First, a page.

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movie reviewmovie reviewmovie review out of 4 Movie Review: Enigma

Starring: Kate Winslet, Dougray Scott
Director: Michael Apted
Rated: NR
RunTime: 118 Minutes
Release Date: January 2001
Genres: Drama, Suspense

*Also starring: Saffron Burrows, Jeremy Northam

Reviewer Roundup
1.  Harvey Karten review follows ---
2.  Steve Rhodes read the review movie reviewmovie reviewmovie review

Review by Harvey Karten
No Rating Supplied

A world of similar films may be enough for most directors but not for Michael Apted whose range includes original, significant documentaries like "7-Up" (the lives and aspirations of seven- year-old children, continued as those very children reach the ages of 14, 212, 28 and 35), a critical and popular success, "The Coal Miner's Daughter" (exploring the life of country singer Laura Lynn), "Gorillas in the Mist" (about ape researcher Dian Fossey) and then, less than three years ago, a James Bond thriller, "The World is Not Enough." Defying the expectations of movie fans that his look into British code-breaking during World War II would be a knock-down, drag-out action pic given the recent explosion of Second World War blockbusters, his "Enigma" is a thinking person's spy story with most of the action occurring internally and the few scenes of vigorous goings-on such as the inevitable car chase, the leap from trains, and the explosion that knocks out a submarine almost a disappointing change from mental activity. Though there are not the usual blind alleys in this spy story, there's a couple of neat twists, but generally "Enigma" is to a great extent what spying and code- breaking are all about: lots of perspiration with just a smidgen or two of daredevil antics. Even the romance is realistic.

Using British actors, some of whom are scarcely known to the mainstream American movie audience, Apted with a big boost from Tom Stoppard's intricate and complex dialogue takes us into the Bletchley Park of 1943, sixty miles north of London, a building that houses men and women intent on intercepting and breaking German codes. While an Allied merchant shipping convoy laden with supplies for Britain is crossing the Atlantic with ten thousand passengers, a swarm of German U-boats is beeping instructions, one to the others, about the location of the merchant vessels which are now in imminent danger.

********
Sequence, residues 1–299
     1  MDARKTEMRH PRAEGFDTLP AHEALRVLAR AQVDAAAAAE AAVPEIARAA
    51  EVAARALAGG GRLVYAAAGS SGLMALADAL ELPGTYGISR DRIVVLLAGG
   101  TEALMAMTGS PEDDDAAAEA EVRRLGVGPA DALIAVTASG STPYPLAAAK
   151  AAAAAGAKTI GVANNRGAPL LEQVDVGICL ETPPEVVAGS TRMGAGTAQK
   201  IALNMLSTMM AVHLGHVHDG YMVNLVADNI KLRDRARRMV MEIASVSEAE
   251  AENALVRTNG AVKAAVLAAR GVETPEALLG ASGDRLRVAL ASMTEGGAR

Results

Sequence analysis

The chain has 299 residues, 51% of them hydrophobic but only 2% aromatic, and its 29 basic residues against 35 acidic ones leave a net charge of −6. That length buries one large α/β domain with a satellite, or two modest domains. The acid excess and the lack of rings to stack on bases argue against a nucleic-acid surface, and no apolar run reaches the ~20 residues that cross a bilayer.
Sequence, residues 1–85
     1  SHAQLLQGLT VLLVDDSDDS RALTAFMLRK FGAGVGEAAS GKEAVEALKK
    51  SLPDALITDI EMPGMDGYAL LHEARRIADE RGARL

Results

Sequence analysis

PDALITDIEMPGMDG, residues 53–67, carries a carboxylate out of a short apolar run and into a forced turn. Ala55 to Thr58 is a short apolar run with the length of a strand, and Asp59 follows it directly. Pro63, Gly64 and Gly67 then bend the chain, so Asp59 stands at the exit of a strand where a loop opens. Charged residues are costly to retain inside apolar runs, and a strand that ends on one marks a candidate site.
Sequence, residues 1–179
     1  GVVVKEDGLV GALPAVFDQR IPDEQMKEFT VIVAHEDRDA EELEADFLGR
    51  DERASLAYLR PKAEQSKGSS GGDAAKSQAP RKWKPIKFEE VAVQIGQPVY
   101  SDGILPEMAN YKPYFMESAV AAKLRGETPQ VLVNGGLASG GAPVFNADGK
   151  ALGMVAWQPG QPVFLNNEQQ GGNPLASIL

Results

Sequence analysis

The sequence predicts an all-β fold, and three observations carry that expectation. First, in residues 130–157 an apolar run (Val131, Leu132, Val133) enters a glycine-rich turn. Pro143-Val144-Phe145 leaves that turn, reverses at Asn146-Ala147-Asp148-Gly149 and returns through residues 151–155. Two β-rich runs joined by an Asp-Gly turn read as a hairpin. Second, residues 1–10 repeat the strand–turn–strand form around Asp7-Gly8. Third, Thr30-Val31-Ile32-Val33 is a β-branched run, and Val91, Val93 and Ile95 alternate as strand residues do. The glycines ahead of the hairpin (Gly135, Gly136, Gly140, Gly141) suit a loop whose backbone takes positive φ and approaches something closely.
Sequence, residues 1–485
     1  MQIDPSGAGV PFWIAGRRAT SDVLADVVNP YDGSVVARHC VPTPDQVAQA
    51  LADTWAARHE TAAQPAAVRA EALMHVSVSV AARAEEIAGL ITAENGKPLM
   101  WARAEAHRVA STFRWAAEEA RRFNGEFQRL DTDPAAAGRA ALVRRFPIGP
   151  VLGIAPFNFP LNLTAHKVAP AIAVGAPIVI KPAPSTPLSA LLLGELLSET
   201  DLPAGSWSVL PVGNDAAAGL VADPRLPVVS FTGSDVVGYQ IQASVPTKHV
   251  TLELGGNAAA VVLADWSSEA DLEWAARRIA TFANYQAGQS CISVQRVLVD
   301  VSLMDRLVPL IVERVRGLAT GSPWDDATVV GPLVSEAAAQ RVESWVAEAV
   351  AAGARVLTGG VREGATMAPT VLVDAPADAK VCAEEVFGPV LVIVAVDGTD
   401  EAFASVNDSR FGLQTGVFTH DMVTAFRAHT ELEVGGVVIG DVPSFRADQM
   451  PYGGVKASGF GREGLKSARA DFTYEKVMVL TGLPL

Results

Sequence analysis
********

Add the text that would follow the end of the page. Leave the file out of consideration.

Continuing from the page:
Ordinarily, the British cloak-and-dagger people would have broken the code to determine the location of the subs, but the enemy has ascertained that its code had been broken and has changed the cryptograms to the frustration of the English. The question is: who leaked this secret military information to the Nazis? Just about anyone at Bletchley Park could be a suspect in the mind of secret service agent Wigram (the predictably dapper and witty Jeremy Northam), but Wigram has honed in the brilliant mathematician Tom Jericho (Dougray Scott), who he suspects has revealed the information foolishly to a Bletchley agent who had caught his fancy, Claire Romilly (Saffron Burrows). Working with Claire's roommate, Hester Wallace (Kate Winslet), Dougray determines to stay a few steps ahead of the pursuing Wigram while attempting to crack the new German code and discover the whereabouts of the missing Claire now suspected of treason.

Ireland's distinguished critic, Harvey O'Brien, has stated that "Enigma" is the sort of movie that may appeal to an older audience, the young 'uns presumably unable to tolerate the lack of an MTV-like pace and explosions. Blockbusters have become a familiar landscape with films like "We Were Soldiers" and the upcoming "Windtalkers" and I believe Dr. O'Brien is on to something, but what a pity. Yet while "Enigma" could have been a plodding docu-drama like Attenborough's "Gandhi," Apted wisely chooses to inject considerable romance into the story to catch our fancy. Tom Jericho has become obsessed with the seductive and beautiful Claire and may have given away valuable information to this mysterious woman, while he takes notice, albeit more slowly, of the superior charms of the more intelligent but mousy-looking Hester. The chemistry between Scott and Winslet is not as palpable as the kind the typical American movie audience expects, but is more realistic and is portrayed with real class amid a well crafted film that benefits much from John Barry's hypnotic but unobtrusive music and photographed handsomely by Seamus McGarvey in the UK (including Scotland) and the Netherlands. As an added benefit, "Enigma" puts the credit for the codebreaking operations correctly with the British and not with the Americans (as expressed in the film "U-571"). The acting is first rate, from Jeremy Northam's schtick as the confident, debonair secret agent to Kate Winslet's successful attempt to do the impossible to appear unglamorous. Dougray Scott illustrates what is probably the typical way a person may react while recovering from nervous exhaustion. All in all, an intelligent piece of work with believable (rather than over-the-top) romance and a credible look at some of the unsung heroes of World War II.

Copyright 2002 Harvey Karten

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